Cancel cheese omelette. There are alarming news for egg lovers who have happily consumed their favorite breakfast since the 2015-2020 Dietary Guidelines for Americans no longer limited the dietary cholesterol or the number of eggs they could eat.
A large, new study of north-western medicine reports that adults who ate more eggs and cholesterol in their diet had a significantly higher risk of cardiovascular disease and death from any cause.
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"The message to take home really concerns cholesterol, which is high in eggs and in particular egg yolks", has related study author Norrina Allen, associate professor of preventive medicine at the Northwestern University Feinberg School of Medicine. "As part of a healthy diet, people need to consume less amounts of cholesterol. People who consume less cholesterol have a lower risk of heart disease."
Egg yolks are one of the richest sources of dietary cholesterol among all commonly consumed foods. A large egg has 1
Other animal products such as red meat, processed meat and high-fat dairy products (butter or whipped cream) also have a high cholesterol content, said lead author Wenze Zhong, a postdoctoral fellow in preventive medicine at Northwestern.
Debate on the disease
If the consumption of cholesterol or eggs in the diet is linked to cardiovascular diseases and death has been discussed for decades. Eating less than 300 milligrams of dietary cholesterol a day was the recommendation of the guidelines before 2015. However, the latest dietary guidelines have omitted a daily limit for dietary cholesterol. The guidelines also include the weekly consumption of eggs as part of a healthy diet.
An adult in the United States receives an average of 300 milligrams of cholesterol a day and eats about three or four eggs a week.
The results of the study indicate that current recommendations for dietary guidelines in the United States for dietary cholesterol and eggs may need to be re-evaluated, the authors said.
The tests for the eggs have been mixed. Previous studies have found that eating eggs did not increase the risk of cardiovascular disease. But those studies generally have a less diverse sample, shorter follow-up time and limited adaptability to other parts of the diet, said Allen.
"Our study showed that two people had exactly the same diet and the only difference in diet were eggs, so you could directly measure the effect of egg consumption on heart disease," he said. Allen. "We found that cholesterol, regardless of the source, was associated with an increased risk of heart disease.
Exercise, the overall quality of the diet and the amount and type of fat in the diet did not change the 39; association between dietary cholesterol and cardiovascular disease and the risk of death
The new study examined data grouped on 29,615 racially and ethnically diverse US adults from six prospective cohort studies over a period of up to 31 years of follow-up.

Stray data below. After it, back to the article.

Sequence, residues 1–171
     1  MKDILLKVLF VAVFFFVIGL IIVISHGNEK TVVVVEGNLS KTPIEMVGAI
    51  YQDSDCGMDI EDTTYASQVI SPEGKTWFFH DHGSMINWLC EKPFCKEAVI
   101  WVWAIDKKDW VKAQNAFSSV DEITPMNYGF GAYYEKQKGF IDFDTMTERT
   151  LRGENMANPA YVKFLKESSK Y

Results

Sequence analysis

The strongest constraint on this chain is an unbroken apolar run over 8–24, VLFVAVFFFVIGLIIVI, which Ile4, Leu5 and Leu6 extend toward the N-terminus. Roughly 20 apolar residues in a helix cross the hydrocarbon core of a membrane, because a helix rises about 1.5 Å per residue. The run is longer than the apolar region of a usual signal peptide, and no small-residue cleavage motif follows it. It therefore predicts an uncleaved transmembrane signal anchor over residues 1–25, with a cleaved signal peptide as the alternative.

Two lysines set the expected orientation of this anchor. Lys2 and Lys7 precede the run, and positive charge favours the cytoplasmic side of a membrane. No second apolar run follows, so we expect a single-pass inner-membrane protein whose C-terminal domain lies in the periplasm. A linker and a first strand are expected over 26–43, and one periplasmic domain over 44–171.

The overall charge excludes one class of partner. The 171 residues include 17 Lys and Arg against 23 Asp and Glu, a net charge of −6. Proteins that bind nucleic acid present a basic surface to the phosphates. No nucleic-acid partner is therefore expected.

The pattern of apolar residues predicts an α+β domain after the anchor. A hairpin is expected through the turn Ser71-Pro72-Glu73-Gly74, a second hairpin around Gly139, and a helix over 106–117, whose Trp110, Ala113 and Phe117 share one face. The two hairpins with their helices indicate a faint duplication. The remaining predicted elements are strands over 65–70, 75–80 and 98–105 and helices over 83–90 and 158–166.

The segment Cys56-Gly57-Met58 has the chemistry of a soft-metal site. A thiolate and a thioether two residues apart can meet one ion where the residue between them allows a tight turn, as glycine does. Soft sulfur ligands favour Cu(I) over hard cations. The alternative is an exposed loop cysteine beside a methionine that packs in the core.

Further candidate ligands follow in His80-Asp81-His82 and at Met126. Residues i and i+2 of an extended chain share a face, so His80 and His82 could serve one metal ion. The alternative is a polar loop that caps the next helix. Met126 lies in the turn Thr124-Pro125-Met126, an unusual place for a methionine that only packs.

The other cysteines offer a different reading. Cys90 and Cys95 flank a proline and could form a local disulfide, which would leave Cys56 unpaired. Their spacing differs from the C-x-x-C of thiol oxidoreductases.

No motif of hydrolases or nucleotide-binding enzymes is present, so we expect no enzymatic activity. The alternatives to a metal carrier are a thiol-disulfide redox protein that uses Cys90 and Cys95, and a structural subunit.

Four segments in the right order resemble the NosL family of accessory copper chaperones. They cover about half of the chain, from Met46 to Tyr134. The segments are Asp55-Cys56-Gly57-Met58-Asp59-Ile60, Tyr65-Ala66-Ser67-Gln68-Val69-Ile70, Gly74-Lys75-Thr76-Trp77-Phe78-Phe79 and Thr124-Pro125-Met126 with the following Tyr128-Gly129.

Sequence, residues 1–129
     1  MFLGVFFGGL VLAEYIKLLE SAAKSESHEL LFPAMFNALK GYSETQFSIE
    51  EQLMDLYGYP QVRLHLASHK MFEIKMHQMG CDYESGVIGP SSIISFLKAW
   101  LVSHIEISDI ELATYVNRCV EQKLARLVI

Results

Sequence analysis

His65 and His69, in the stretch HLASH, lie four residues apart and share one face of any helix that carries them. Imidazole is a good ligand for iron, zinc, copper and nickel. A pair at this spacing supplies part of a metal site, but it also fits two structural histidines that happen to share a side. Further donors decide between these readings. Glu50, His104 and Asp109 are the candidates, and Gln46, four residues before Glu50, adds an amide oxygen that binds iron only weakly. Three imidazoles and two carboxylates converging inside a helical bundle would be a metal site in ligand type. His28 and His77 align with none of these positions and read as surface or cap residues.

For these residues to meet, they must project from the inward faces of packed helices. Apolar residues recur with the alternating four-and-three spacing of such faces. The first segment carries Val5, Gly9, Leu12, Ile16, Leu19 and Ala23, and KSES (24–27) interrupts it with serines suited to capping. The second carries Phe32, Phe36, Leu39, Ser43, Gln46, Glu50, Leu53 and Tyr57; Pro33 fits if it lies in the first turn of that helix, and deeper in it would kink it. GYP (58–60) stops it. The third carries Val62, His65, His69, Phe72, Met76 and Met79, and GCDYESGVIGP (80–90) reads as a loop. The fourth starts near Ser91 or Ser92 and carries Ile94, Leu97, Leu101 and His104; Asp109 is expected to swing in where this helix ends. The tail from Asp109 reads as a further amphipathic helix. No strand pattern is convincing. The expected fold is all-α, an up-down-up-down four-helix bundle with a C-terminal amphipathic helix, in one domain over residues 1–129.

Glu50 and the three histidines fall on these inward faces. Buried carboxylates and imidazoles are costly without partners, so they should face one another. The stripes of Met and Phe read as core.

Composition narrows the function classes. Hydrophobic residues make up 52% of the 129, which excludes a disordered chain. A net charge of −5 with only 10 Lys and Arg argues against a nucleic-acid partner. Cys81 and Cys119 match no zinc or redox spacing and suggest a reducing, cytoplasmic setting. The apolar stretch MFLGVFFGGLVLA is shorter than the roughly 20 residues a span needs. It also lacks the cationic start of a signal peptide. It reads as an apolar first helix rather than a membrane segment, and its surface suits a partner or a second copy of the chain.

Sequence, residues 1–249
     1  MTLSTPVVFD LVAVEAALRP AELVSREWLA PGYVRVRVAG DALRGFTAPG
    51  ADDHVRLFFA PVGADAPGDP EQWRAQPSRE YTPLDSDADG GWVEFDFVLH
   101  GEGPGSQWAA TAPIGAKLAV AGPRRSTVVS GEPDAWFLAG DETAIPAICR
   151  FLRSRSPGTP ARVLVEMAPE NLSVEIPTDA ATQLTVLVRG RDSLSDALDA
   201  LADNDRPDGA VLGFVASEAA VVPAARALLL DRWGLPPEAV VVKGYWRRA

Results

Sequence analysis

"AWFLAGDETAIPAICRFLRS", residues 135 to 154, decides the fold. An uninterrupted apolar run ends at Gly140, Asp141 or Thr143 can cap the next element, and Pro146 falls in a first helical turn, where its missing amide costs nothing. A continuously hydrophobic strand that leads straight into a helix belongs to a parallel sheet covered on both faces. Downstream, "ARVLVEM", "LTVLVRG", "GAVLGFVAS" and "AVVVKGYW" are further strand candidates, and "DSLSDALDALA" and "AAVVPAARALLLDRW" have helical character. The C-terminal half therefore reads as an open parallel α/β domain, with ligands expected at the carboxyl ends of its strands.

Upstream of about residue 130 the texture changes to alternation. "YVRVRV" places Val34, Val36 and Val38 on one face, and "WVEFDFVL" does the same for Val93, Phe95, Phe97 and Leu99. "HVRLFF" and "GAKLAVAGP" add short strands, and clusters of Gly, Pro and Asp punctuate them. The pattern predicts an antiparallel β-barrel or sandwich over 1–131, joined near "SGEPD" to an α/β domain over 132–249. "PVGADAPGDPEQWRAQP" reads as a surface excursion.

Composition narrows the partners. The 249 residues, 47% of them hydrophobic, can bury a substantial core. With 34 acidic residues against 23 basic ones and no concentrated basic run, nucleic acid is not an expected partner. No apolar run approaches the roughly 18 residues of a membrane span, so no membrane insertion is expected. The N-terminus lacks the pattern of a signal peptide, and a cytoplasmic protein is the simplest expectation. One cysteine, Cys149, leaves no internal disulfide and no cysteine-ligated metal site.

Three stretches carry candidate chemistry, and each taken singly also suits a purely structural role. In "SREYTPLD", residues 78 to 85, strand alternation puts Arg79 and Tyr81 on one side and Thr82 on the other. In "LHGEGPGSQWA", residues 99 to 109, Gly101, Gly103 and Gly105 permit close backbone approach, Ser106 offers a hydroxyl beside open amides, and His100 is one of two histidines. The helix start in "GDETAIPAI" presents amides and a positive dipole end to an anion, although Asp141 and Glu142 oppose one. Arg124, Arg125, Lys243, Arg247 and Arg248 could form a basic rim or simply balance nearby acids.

- Eating 300 mg of dietary cholesterol a day was associated with a 17% higher risk of incident cardiovascular disease and an 18% higher risk of death for all Causes: Cholesterol was the driving factor independent of the consumption of saturated fats and other dietary fats.
- Eating three to four eggs a week was associated with a risk but higher than 6% of cardiovascular diseases and 8% higher than any cause of death.
Should I stop eating eggs?
Based on the study, people should keep low cholesterol intake in their diet by reducing cholesterol-rich foods such as eggs and red meat in their diet.
But don't completely banish eggs and other cholesterol-rich foods from meals, Zhong said, because eggs and red meat are good sources of important nutrients like essential amino acids, iron and choline. Instead, choose egg whites instead of whole eggs or eat whole eggs in moderation.
"We want to remind people that there is cholesterol in eggs, especially egg yolks, and this has a damaging effect," said Allen, who cooked scrambled eggs for his children that morning. "Eat them in moderation."
Estimation of food consumption
Diet data was collected using questionnaires on food frequency or following a diet history. Each participant was asked for a long list of what they had eaten for the year or the previous month. Data was collected during a single visit. The study had up to 31 years of follow-up (median: 17.5 years), during which 5,400 cardiovascular events and 6,132 deaths from all causes were diagnosed.
An important limitation of the study is the participants' long-term consumption patterns have not been evaluated.
"We have a snapshot of how their eating patterns looked," Allen said. "But we think they represent an estimate of a person's dietary intake. However, people may have changed their diet, and we cannot account for it."
Other Northwest authors include: Linda Van Horn, Marilyn Cornelis , Dr. John Wilkins, Dr. Hongyan Ning, Mercedes Carnethon, Dr. Philip Greenland, Lihui Zhao and Dr. Donald Lloyd-Jones.